Now I realize the same can be said for Microsoft, but with Xbox Live, the company has an installed base of users and content that could make up for that loss. Sure, Microsoft will lose $50 per year in revenue at first, but how many of those gamers would be willing to throw that back into the service by buying movies, adding online maps to their games, or generally expanding the amount of content on their consoles? I'm willing to bet that the majority would.

Silver membership users can do that now, but many of those individuals have balked at paying the $50 each year for online play and generally don't spend the amount of time you would expect them to on the service. But once online gaming is free and they get into the fold, a whole new group of people will be able to acquire online maps and play with friends, which should help Microsoft recoup some of that lost revenue.

But it can't quite end there. Xbox Live would also need some advertising to make up for the lost revenue. But by being able to boast that Microsoft has hundreds of millions of users, the company can sell advertising to companies at a rate that could even eclipse the amount of revenue it's already incurring with membership.

Hardware sales

But simply offering Xbox Live online play for free won't just have an impact on Xbox Live revenue, it'll also have a major impact on hardware sales.

Let's face it--opening online play to all Xbox 360 owners will see a huge influx in the number of people that will want to play online. And in the process, they'll start talking and make it clear to all those fence-sitters that they can play with them online without a charge on something that's already proven. Sure, Sony might do the same thing and the Wii is already free, but neither service can contend with Xbox Live in terms of raw users and usability--so far.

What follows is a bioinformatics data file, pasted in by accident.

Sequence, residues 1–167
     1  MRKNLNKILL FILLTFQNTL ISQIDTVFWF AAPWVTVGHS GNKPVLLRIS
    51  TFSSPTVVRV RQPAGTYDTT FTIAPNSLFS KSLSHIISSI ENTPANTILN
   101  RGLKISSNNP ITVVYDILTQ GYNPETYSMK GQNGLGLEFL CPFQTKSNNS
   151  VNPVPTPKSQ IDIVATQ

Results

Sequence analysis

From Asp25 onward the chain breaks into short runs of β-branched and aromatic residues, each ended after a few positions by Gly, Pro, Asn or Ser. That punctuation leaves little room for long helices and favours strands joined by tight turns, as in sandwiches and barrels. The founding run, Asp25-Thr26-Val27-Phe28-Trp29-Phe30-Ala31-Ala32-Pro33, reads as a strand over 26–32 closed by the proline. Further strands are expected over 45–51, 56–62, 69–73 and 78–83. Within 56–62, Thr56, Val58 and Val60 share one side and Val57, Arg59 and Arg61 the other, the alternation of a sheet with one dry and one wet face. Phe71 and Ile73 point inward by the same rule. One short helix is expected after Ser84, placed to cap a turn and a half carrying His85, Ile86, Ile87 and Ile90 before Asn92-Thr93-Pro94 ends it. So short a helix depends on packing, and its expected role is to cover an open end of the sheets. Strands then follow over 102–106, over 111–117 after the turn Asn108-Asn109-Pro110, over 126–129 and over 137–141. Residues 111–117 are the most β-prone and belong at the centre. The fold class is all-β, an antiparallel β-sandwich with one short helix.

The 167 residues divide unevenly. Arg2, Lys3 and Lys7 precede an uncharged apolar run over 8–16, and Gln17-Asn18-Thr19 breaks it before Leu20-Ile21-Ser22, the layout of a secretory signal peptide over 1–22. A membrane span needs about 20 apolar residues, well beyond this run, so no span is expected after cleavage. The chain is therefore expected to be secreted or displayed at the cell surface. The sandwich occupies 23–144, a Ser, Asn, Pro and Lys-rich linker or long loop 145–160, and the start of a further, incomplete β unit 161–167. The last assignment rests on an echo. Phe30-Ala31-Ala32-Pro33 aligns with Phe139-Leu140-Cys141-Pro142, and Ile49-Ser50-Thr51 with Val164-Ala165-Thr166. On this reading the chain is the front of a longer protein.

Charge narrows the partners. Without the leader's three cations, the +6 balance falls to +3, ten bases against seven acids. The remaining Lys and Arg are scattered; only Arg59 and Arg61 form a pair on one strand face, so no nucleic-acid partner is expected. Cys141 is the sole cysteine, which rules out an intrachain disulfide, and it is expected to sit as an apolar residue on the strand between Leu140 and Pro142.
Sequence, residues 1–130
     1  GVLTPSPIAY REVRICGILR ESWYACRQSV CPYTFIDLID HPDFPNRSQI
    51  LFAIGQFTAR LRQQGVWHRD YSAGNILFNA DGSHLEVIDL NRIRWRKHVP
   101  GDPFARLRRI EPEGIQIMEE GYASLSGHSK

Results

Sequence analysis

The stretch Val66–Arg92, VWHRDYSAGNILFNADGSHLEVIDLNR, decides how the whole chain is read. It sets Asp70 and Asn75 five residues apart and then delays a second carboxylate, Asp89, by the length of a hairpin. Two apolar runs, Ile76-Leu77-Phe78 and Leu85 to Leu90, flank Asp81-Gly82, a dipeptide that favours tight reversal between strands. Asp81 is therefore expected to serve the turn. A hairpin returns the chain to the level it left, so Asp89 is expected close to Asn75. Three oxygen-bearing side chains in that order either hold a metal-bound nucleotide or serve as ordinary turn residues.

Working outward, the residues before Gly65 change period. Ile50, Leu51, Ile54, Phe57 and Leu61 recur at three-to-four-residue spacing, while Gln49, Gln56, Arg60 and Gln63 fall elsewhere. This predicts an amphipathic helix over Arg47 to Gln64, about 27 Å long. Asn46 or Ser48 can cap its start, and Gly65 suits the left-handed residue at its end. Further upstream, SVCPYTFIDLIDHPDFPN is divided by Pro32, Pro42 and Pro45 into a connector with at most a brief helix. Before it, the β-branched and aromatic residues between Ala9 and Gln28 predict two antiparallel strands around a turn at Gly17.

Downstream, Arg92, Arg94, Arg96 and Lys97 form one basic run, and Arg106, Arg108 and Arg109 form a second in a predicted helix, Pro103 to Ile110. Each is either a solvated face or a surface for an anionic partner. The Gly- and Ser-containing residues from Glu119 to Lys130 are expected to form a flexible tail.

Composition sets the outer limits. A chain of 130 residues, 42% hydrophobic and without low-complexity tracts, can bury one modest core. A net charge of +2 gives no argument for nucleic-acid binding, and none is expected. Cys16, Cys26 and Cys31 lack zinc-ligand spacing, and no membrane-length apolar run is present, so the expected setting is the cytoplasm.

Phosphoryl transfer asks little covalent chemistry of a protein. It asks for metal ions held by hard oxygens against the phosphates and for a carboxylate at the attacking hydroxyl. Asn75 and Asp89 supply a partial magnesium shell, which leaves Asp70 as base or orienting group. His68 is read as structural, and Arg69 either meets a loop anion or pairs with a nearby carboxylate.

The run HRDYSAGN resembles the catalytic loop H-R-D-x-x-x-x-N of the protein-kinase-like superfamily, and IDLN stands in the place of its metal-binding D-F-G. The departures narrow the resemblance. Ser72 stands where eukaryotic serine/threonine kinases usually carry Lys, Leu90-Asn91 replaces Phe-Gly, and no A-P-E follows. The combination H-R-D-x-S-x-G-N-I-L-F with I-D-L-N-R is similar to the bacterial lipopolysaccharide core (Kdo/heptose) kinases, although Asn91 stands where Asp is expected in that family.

Right now, Microsoft needs to increase hardware sales in any way it can. It's not enough anymore to simply wait and hope that Sony won't sell consoles as well as it has or Nintendo will suddenly fold. Instead, it needs to be proactive and try to find ways to stop its competitors in their tracks. And although a price drop was a good place to start, Xbox Live is what Microsoft beats every other vendor on and it needs to make it even more compelling to coax more people to its console.

And if that drop in Xbox Live pricing increases hardware sales--and it should--more developers will jump onboard and exploit Xbox Live as much as possible. And in the process, it'll become a veritable bonanza where you'll be able to buy extra maps, pick up some movies along the way, and enjoy ad-supported online gaming for free.

Making Xbox Live online gaming free is radical, I know. But at this point, Microsoft is starting to look like the also-ran and it's not exploiting the key component in its business model that could separate it from the pack. If Microsoft wants to catch up quickly, making Xbox Live free and changing the way it makes money on the service is the first step.

Check out Don's Digital Home podcast, Twitter feed, and FriendFeed.

About the author

Don Reisinger is a technology columnist who has covered everything from HDTVs to computers to Flowbee Haircut Systems. Besides his work with CNET, Don's work has been featured in a variety of other publications including PC World and a host of Ziff-Davis publications.